I know I’ve been MIA, it’s been an intense six months. I miss my Petey Boy, and hold on to the fact that we gave him a great life after such a rough start. As a reminder, we didn’t lose him to IMHA, so if your fur kid is battling, there is hope. It’s a challenging road but a long happy life is possible.
This post is to help out Koda’s Mom. I’ve been there and know how helpless IMHA makes you feel. It’s a roller-coaster, but knowing that there are success stories, help us get through a lot. Whether it’s through donation, sharing her link, or offering support and success stories, I know your help will be appreciated.
Marina is adjusting to being single, and is letting her playful side show again. She’s enjoying the extra attention and even tolerates me brushing her endlessly shedding coat.
Wishing you all Success Stories.
We Love you Petey
I think dogs are the most amazing creatures; they give unconditional love. For me they are the role model for being alive. ~Gilda Radner
It is with great sadness that I let you know of the passing of our dear, sweet Petey. Many of you started following this blog because of his battle with IMHA, and it’s similarities to Evan’s.
It was not IMHA that took him, rather his tired body, and our desire to always return his unconditional love . For this reason, we made the most painful, yet responsible decision when it became clear that his qualty of life would no longer be what he deserved to have. Because we loved him, we did not want to subject him to a life of pain from advanced osteoarthritis and a now fragile and unforgiving body. We are heartbroken over the loss, but better for having had his love in our lives.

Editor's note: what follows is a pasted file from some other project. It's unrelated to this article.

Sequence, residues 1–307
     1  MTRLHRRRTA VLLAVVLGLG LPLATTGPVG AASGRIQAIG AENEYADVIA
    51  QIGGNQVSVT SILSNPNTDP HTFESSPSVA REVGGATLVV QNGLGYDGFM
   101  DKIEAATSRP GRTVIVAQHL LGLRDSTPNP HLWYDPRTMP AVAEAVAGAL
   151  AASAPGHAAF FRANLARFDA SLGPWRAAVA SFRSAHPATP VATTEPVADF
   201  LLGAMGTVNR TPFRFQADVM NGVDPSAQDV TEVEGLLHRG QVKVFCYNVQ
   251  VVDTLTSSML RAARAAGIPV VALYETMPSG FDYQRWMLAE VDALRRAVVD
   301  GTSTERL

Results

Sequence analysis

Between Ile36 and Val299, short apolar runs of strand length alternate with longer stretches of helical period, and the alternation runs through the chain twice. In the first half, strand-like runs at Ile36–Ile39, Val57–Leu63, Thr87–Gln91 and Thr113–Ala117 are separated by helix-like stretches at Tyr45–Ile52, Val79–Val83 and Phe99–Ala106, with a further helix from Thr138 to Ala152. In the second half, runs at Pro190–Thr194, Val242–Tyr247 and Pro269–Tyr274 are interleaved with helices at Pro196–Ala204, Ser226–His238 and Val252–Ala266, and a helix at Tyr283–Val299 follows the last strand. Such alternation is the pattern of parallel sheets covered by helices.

We cannot thank Dr. Peter Slusser and the amazing team at VCA Animal Group for their outstanding care. It is because of their care and compassion that Petey pulled through his bout with IMHA. I give them my highest reommendation, and my utmost respect. If you know me, you know that is not something I give easily. Thank you Dr. Christine Wilson for referring us to Dr. Slusser.
Our entire family would also like to thank Dr. Kristi Freeman, who, through her kindness, compassion, and dedication to animal companions, allowed Petey’s final moments to be filled with love and peace. Without a doubt, Petey’s second chance at life would not have been possible without Forte Animal Rescue and it’s volunteers Raquel Magro and Diane, who quietly work behind the scenes to create forever homes. It’s because of them, that the unwanted, forgotten and abused come into the lives of those lucky enough to be chosen to be their forever caretakers.
Following is an excerpt of my letter thanking Marie Atake, founder of Forte and volunteers Raquel and Diane for all they do. They are my heroes and I am eternally grateful to them for introducing me to Petey and allowing us the honor of caring for him for the last eight years. We love you Petey, we will miss you, and you will forever live in our hearts. Goodnight my dear “Sweety Petey.”
Thank you for sending Petey your thoughts and prayers today. During a most difficult time, Dr. Kristi Freeman helped us give Petey the best farewell he could have possibly had. She is the kindest, gentlest person you could imagine and Petey took to her immediately, she even won Marina over and she is much tougher to win over.
Since we were at home, Petey was very comfortable and had all of us around him. He was given a deep sedative/anesthetic and you could tell when he became pain-free, there was such a sense of peace. He was awake with us long enough to experience the relief of pain and know without a doubt that he was very loved. That love is the last thing that he was aware of. When he was in the deepest sleep, Dr. Freeman gave him the second injection and he was very peacefully released from his tired body. All I sensed, in every moment, was peace. It was the best one could hope for at such a difficult time, and the best send-off our dear friend could have had.